New York, NY: Riders Alliance My name is Judy Wang, and I live in Fresh Meadows, Queens. Investing in good pubilc transit is a cause that is close to my heart, one that has made a significant impact on my family’s life, and one that is essential to millions of New Yorkers who rely every day on buses and subways to get them where they need to go. And that is the need for frequent, reliable, and affordable public transit. I use buses every day to take me to work, to job interviews, and appointments. My neighborhood has very limited subway access and is primarily served by buses. Unfortunately, the buses are slow, unreliable, and don’t come frequently enough. All my jobs were in Manhattan, and I had to rely on the Q64 to get me to the nearest train station, then transfer between multiple subway lines to finally get to my destination. The bus I take is always stuck in morning traffic, so an otherwise 15 minute bus ride could balloon to 30-45 minutes instead. The Q64 is also experiencing a driver shortage, so I often had to wait between 20 – 30 minutes for the next bus to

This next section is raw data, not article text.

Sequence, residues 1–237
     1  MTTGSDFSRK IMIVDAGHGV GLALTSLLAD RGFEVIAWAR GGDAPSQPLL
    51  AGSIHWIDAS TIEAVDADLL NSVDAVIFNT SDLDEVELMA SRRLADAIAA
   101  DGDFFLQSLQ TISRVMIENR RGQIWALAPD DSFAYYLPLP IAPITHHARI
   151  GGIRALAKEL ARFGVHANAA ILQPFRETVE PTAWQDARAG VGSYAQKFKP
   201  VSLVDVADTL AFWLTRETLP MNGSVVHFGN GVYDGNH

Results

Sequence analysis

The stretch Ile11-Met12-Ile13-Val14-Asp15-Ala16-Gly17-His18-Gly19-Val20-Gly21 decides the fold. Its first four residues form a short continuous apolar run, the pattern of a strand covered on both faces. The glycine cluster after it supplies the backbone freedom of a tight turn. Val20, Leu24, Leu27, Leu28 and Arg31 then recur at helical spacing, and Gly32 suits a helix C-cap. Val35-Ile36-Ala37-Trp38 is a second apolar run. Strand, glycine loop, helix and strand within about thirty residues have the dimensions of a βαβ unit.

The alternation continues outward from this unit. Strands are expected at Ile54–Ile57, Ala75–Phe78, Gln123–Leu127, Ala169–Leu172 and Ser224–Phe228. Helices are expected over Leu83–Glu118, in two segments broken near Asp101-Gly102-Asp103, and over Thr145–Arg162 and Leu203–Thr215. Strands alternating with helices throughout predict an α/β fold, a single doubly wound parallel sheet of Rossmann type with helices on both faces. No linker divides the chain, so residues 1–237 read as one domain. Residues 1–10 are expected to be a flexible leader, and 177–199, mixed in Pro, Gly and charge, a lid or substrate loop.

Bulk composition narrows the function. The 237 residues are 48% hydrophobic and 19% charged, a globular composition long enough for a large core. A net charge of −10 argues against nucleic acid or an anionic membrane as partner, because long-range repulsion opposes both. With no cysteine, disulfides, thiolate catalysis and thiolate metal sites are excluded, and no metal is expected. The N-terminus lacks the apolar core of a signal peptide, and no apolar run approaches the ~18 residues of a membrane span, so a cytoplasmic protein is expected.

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Transit Stories: Stevie Pasamonte

Columbus, OH: Move OH My name is Stevie Pasamonte, and my family and I have relied on public transit since we immigrated to the United States from the Philippines in 1992. Over thirty years later, my mother, my sister, and I all live in Columbus, Ohio. I moved here in 2009 for school, and my family followed me a couple years later so that we could remain close to one another. Let me tell you a little about the three of us:  My mother is a disabled war veteran. She joined the U.S. Military when I was a teenager in an effort to provide for our family, earn college funding for her children, and gain U.S. citizenship. As a result of injuries sustained during her service, she has a lot of difficulty with mobility. She uses the COTA bus to visit my sister and me during the week, often stopping by to make me lunch while I’m busy with work. While she only lives five miles from me, it takes her 45 minutes to get to my home by bus.  My sister lives closer to my mom—only three and a half miles away. But when my mom visits my sister, it